Let’s start with some good news: D.C. United is playing a Minnesota United team that is in horrible form, with no wins in their last five and no goals in their last 351 minutes played. On top of that, injuries and a suspension have left them almost absurdly short-handed. On top of Brent Kallman’s suspension, there are twelve players currently listed as out or questionable for the Loons.
The bad news, of course, is that we’ve talked about this sort of scenario numerous times this season. United has faced plenty of unusually short-handed teams this year, which is just one more reason this awful season tends to stick in our collective craw. The opportunities to pick up wins against weakened opponents have been there all year, and it just hasn’t helped United much at all.
Adrian Heath, despite for some reason maintaining the respect of the national press, has struggled all year to put together a lineup that can defend anywhere close to competently. Despite near-constant changes to the back four, early-season trades, and even the occasional formation switch (back on July 4th, the Loons started in a 3412), nothing has worked.
Despite all the chaos, it’s pretty easy to sort out that Heath’s team will line up in a 4231 for this one:
Despite the fact that Minnesota has given up 45 goals in 21 games, Bobby Shuttleworth has actually not been too bad. He’s actually kept Minnesota from being blown out several times in part due to his speed coming off his line and his bravery in stopping strikers one-on-one. The Loons give up that kind of opportunity a lot, but that’s also the area of goalkeeping that Shuttleworth is strongest at.
Jerome Thiesson, signed after the season was underway from Swiss club FC Luzern, has taken over as the starting right back. He didn’t exactly have to see off stern competition, as NASL holdover Kevin Venegas (a two-time Best 11 right back in that league) and several others proved to be a disappointment. Thiesson is a stable, well-rounded defender, though he lacks any real eye-catching qualities. He’s solid, but can be beaten. Patrick Nyarko has a definite speed advantage over the 29 year old.
On the left, Burch’s injury has left Minnesota in the lurch. Justin Davis, another player who made the move up to MLS with MNUFC, has struggled much like Venegas has. Plenty of players have been given a shot here before Burch arrived via trade and since he had sports hernia surgery last month, but no one has convinced. Ismaila Jome - a winger/forward who began the year as a long-shot trialist - appears to be the most likely starter. Jome, as you’d expect from an attacker filling in as a fullback, will look to get forward on the regular. However, he’s not a natural defender, and it shows in transition.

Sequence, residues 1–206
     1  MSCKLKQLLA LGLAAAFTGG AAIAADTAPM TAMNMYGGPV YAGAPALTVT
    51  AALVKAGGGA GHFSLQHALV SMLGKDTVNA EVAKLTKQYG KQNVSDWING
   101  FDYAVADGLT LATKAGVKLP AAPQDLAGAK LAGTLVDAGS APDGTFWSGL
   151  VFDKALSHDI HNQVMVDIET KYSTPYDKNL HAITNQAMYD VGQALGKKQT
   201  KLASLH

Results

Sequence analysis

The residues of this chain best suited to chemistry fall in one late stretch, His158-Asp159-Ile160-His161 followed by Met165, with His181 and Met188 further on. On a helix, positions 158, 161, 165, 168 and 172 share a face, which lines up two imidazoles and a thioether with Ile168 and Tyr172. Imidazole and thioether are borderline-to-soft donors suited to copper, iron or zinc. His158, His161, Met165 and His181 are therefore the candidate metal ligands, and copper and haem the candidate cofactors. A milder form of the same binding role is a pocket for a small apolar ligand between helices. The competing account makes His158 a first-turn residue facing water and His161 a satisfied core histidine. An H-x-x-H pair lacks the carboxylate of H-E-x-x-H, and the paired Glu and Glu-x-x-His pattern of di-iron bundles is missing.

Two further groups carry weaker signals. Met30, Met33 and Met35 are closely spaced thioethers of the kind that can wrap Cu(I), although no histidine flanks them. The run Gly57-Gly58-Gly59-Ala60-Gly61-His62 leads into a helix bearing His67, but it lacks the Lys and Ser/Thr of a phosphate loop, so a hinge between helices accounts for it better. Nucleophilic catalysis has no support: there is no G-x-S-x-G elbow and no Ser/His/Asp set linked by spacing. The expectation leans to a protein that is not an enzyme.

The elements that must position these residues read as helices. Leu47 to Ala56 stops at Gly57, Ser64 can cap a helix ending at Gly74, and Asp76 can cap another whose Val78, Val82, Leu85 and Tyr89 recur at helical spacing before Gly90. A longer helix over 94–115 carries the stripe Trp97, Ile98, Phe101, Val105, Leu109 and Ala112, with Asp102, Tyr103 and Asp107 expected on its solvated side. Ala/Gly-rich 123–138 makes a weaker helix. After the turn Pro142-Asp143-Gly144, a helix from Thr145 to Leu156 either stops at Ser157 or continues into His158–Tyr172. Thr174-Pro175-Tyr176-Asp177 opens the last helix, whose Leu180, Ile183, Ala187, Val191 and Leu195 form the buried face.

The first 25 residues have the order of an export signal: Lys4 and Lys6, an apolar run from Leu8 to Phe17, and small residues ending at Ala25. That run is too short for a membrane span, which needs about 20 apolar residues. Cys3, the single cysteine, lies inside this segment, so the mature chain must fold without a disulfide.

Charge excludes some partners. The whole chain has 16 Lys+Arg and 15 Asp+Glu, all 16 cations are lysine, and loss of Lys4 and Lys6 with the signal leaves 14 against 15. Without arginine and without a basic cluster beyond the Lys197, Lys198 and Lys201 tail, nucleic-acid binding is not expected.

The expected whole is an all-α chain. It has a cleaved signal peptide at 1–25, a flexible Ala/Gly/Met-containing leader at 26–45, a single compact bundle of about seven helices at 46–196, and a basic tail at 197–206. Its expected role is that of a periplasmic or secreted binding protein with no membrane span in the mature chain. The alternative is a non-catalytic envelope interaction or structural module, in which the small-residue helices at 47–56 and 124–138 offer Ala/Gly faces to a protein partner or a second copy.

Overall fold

At center back, Francisco Calvo’s return from the Gold Cup is crucial for the Loons. Their record defensively is not really his fault, and the Costa Rica international has done a lot to keep their defensive woes from being worse. Still, their lack of defensive structure from front to back means he’s often having to scramble to put out fires. Though he’s good at that, there’s only so much he can do.
Kallman’s suspension means that Heath will have to choose between Jermaine Taylor - fresh from starting for Jamaica in their run to the Gold Cup final - or new signing Michael Boxall to pair with Calvo. Taylor is fast and strong, but over the years has been increasingly revealed to struggle at thinking the game quick enough to start.
Boxall, meanwhile, was nowhere near good enough in MLS during his prior stint with Vancouver in 2011 and 2012. Since then, he’s played in the top flight in Australia and South Africa (both a step below MLS) and even had a stint on loan with an Australian 2nd division club. He is a regular for New Zealand, but there’s no hiding his lack of speed or agility, and that resume makes his signing a puzzler.
Either way, United needs to expose the starter from this pair if they’re going to keep up their recent, modest goalscoring streak.